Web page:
By Phil Galewitz | Kaiser Health News
New failures are piling up among the member-run health insurance co-ops carrying out one of the Affordable Care Act’s most idealistic goals, leaving just seven remaining when the health law’s fourth enrollment season starts in the fall.
There were 23 in 2014.
The public knows them as co-ops. They’re officially called consumer operated and oriented plans in the health law. Eleven are still in business, but four in Oregon, Ohio, Connecticut and Illinois will disappear by fall due to financial insolvency. Oregon’s Health Co-Op and Connecticut’s HealthyCT were told to close by their state’s regulators last week. Tuesday, the Land of Lincoln Mutual Health Insurance Co. in Illinois was ordered to close by state regulators.
For the rest — which all posted annual losses in 2015, according to the National Alliance of State Health Co-Ops — survival is job No. 1. Some are diversifying to serve larger employers, no longer limiting themselves to their ACA mandate to offer health plans to individuals and small businesses. A Maryland co-op has sued the federal government to avoid paying millions of dollars to other insurers under the ACA’s complex formula to keep premiums stable by balancing risks among insurers and helping ailing ones. Other co-ops are trying to renegotiate contracts with hospitals and other providers.
A year ago, when more than 20 co-ops were up and running, about 1 million Americans were insured through these plans. By contrast, the alliance says the seven co-ops that will remain in 2017 have about 350,000 members. Their supporters continue to tout them for cost-effective coverage, pointing to sources such as a recent report by the Government Accountability Office that found co-ops’ average monthly premiums in 2015 were below the averages for other plans in most areas.
“They are not essential for the success of the Affordable Care Act, but they do offer an important alternative to commercial insurers,” said Timothy Jost, a law professor at Washington and Lee University in Virginia and an expert on the health law.
Operated as nonprofits and seeded with federal loans, co-ops were conceived as an alternative to commercial insurance. Co-ops’ members serve on the board. Advocates envisioned co-ops spurring competition by giving Americans a way to buy health insurance from companies with a strong consumer focus.
But many struggled early — and their problems became part of the highly politicized debate over the law on Capitol Hill. Either they increased enrollments too fast, and then could not keep up with rising health costs, or they could not gain enough members to help spread their costs.
Shortfalls in anticipated levels of federal funding contributed, too. At the end of 2014, for example, insurers got blindsided when money they had counted on to offset losses was cut sharply from the ACA’s risk corridor program. That program transfers funds from participating insurers with high profits to those with high losses. The move disproportionately hurt small insurers, according to the nonpartisan Commonwealth Fund.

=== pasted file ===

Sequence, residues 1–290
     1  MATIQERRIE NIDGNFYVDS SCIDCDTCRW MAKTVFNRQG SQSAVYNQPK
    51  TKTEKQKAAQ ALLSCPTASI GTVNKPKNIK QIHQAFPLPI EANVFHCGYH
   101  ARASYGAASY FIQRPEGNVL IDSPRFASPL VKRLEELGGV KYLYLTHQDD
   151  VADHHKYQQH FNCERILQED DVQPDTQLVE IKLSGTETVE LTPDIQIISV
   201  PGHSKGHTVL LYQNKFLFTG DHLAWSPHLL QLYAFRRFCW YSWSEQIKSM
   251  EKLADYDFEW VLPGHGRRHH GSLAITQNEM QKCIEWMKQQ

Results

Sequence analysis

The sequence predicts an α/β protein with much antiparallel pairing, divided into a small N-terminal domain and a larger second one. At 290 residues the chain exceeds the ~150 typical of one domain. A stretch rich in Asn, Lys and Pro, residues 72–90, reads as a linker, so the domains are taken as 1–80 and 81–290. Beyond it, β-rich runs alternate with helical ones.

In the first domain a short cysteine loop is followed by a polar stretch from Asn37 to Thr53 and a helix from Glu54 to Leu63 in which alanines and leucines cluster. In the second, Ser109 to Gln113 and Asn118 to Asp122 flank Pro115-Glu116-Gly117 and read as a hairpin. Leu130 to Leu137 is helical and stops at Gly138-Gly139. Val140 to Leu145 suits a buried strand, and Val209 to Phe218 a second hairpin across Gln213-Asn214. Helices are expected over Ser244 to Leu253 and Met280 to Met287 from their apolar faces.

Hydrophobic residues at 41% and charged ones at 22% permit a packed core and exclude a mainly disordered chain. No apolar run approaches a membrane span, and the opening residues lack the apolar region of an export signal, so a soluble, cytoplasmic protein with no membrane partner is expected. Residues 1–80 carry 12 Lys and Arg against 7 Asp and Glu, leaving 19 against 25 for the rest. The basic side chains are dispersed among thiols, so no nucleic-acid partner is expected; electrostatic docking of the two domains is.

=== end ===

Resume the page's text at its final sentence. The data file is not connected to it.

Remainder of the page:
For the 2017 enrollment season, most co-ops have proposed increasing premiums, often by at least 10 percent. But raising premiums is only part of the solution.
Maine’s co-op, Maine Community Health Options, has contracted with a new pharmacy benefit manager, Express Scripts, with the aim of saving about $14 million annually by paying lower drug prices.
It has 80,000 members, about 60 percent of the Obamacare marketplace in the state. But the co-op estimated it has less than 5 percent of the market when large employers are included, a group it now will court for new customers.
Maine Community Health is on track to make money, but not until 2017, said CEO Kevin Lewis.
New Mexico Health Connections, a co-op with 47,000 members, is seeking to raise money from investors, which the Obama administration only recently allowed co-ops to do, said the CEO, Dr. Martin Hickey. It’s also adding larger employers and labor groups, including some teacher unions, to its client base.
“The only way to survive is to diversify,” Hickey said.
Montana Health Co-Op, which has about 35,000 members in Idaho and Montana, is focused on holding down administrative costs. It has about 20 full-time employees and hasn’t replaced some that left. “Some people we had during our startup mode we figured we can now work without them,” said spokeswoman Karen Early.
Montana Health, which lost about $40 million in 2015, also has requested an average premium increase of 21 percent in Idaho for next year and 22 percent in Montana, she said.
Maryland’s co-op, Evergreen Health, is challenging the federal government’s decision last week ordering it to pay $24 million to other state insurers whose members had higher health risks in 2015.
In addition to the health law’s risk corridor program, which partially reimburses insurers for extreme losses, another provision requires insurers to make payments to competitors with sicker and costlier members. That is a sore point for Evergreen. The co-op, which has about 40,000 members, sued the government in June, alleging that the risk-adjustment system is flawed because it does not adequately measure risk. The lawsuit is pending in federal court and a decision is expected this summer.